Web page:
Kelly Sarber is CEO of Strategic Management and vice chair of NY-BEST, a battery industry trade group in New York. Scott M. Bryant is president and CEO of Fire & Risk Alliance.
As energy storage developers continue to ramp up efforts to implement utility-scale battery projects, adopting strong and proactive outreach and education is becoming more important since community support has become a precursor to securing other approvals. As policies collide with politics, states like New York are considering requiring stronger outreach around safety as necessary to set the stage to gain other entitlements including power purchase agreements and local permissions like zoning and fire code enforcement.
Prior to recent fires at a number of sites, including in New York and California, energy storage projects were treated as somewhat “benign” with their climate-friendly benefits outweighing any perceived negative impacts. Unfortunately, with the recent spate of fires, the perception of these projects as having no impact no longer rings true, as the public begins to question the perceived lack of safety requirements due to incidents being widely covered in the news. In each case no one was hurt, the duration was small and the equipment acted as planned once there were thermal abnormalities. But the resulting news coverage and corresponding community concerns raised questions around information gaps and lack of first responder outreach prior to the incidents. This lack of expert responses to the media in real time served to increase community concerns, highlighting the need for the industry to be better prepared to provide context and factual information for inclusion in the press cycle.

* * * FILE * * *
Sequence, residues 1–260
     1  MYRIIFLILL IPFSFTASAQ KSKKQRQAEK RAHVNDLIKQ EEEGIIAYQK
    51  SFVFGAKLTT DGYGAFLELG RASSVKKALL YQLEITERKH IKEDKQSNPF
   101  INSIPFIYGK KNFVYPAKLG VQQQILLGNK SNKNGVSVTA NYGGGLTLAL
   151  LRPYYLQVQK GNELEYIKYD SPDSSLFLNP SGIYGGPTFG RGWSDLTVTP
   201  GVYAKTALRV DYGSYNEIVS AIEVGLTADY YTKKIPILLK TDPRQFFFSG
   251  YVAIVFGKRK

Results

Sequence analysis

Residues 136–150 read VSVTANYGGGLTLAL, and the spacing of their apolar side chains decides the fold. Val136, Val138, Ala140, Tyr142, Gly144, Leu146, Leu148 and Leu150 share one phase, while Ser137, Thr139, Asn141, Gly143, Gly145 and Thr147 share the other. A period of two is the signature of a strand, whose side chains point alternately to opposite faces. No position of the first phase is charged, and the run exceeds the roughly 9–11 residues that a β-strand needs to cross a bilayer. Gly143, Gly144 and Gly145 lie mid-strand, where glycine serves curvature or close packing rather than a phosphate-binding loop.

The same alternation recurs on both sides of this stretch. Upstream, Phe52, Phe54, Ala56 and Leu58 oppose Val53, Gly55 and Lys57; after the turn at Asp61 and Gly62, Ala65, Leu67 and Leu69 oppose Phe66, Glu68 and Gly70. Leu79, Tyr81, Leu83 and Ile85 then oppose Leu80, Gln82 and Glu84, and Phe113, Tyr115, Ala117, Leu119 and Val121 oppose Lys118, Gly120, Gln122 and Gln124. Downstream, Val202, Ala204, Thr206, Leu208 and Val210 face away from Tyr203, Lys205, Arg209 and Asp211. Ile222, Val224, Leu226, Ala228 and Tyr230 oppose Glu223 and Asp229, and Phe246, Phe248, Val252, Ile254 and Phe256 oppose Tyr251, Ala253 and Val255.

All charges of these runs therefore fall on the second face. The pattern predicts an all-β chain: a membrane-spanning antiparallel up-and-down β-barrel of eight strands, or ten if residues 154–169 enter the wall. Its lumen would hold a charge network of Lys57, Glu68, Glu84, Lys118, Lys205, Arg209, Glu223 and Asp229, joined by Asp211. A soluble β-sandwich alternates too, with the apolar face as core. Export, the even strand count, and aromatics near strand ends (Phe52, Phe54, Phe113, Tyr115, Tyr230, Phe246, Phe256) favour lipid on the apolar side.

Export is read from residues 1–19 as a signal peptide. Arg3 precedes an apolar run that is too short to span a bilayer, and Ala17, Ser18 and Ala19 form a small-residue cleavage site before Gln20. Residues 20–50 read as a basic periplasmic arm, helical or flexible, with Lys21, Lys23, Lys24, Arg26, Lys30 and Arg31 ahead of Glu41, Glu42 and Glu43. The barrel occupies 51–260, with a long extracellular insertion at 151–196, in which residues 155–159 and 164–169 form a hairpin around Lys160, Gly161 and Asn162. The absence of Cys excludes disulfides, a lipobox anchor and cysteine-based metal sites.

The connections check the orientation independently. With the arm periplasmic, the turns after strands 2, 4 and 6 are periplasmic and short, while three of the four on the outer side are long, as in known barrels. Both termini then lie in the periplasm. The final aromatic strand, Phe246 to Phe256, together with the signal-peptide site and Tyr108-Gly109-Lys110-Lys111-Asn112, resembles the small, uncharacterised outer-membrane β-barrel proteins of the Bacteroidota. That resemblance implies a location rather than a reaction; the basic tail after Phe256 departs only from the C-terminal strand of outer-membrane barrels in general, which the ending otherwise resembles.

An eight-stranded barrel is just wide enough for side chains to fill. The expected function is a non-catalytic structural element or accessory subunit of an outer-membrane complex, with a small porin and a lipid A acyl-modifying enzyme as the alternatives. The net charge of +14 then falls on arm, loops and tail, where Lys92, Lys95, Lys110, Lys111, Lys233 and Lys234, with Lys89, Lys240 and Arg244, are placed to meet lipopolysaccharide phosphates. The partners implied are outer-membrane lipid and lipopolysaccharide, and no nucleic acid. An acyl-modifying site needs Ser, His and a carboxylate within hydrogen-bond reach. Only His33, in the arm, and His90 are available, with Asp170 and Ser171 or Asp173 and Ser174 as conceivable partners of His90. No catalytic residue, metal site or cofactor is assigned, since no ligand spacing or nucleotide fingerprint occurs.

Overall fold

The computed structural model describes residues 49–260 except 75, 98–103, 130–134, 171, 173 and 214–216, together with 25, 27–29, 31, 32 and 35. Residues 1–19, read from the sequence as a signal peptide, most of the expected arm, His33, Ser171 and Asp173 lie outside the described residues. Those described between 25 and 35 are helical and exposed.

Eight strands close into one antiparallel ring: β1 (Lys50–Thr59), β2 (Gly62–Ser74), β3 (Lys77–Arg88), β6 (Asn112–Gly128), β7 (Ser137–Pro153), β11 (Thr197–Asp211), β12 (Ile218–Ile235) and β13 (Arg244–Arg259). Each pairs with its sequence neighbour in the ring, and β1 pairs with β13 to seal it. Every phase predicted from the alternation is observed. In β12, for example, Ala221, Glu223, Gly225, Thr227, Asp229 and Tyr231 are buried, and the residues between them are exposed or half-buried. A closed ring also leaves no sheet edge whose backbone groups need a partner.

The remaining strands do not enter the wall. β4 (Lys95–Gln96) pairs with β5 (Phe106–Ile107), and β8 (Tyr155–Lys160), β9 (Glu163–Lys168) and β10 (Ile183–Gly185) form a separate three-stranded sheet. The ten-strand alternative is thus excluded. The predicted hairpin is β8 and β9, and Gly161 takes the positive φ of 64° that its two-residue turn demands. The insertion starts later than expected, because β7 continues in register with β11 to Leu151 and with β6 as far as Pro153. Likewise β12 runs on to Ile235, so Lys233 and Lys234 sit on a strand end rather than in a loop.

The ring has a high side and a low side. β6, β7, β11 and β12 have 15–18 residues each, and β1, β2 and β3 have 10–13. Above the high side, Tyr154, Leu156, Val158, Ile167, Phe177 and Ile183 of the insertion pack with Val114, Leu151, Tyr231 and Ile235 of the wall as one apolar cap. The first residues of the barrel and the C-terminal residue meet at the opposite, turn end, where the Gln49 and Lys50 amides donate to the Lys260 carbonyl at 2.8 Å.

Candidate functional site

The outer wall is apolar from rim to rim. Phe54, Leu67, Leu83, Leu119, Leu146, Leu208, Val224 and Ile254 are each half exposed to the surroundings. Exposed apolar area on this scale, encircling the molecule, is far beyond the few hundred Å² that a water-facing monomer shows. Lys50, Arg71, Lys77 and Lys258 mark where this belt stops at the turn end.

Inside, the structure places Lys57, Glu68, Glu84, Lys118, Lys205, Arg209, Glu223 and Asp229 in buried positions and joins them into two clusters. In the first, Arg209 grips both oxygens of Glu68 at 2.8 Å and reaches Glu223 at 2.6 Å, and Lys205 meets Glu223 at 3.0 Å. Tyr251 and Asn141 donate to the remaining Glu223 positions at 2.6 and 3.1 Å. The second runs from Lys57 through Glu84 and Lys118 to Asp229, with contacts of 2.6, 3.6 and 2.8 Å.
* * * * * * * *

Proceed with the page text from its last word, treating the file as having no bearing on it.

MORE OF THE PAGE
Due to these developments, our energy storage trade group, NY-BEST, is working collaboratively with a recently convened New York State task force to provide industry best practices for fire safety and community outreach. Some of our early discussions highlight increased transparency related to system design, operating characteristics, and strengthening requirements for first responder planning to assist with community support when projects are first announced. New policies offered by NY-BEST around fire safety include standardization of emergency response plans meant to capture every reasonable scenario that occurs at these facilities along with the hazards and appropriate response tactics for solving them. Training for the first responder community needs to undergo the same level of standardization around the nation and not just in urban locations.
Developers in the storage industry should uniformly prepare members of the fire services to manage these low frequency, high hazard events using the new and robust emergency response plans outlined in these training platforms. In addition, once an incident occurs at these facilities, the operator must be obligated to share a root cause analysis within a reasonable time frame to allow the industry to address any shortcomings that emerge that can improve safety for future installations. This will enable the emergency response officials and the elected leadership they work for to quickly respond, learn and implement mitigation tactics to prevent similar events. Disclosure cannot be driven by lawyers but must be driven by safety and respect for the communities in which these facilities reside.
One of the first significant energy storage fire incidents in the U.S. occurred in 2019 at the McMicken Battery Energy Storage System in Arizona shortly after the inception of National Fire Protection Agency, or NFPA, 855 which regulates stationary energy storage. It took the NFPA less than two years to place significant safety controls on these installations.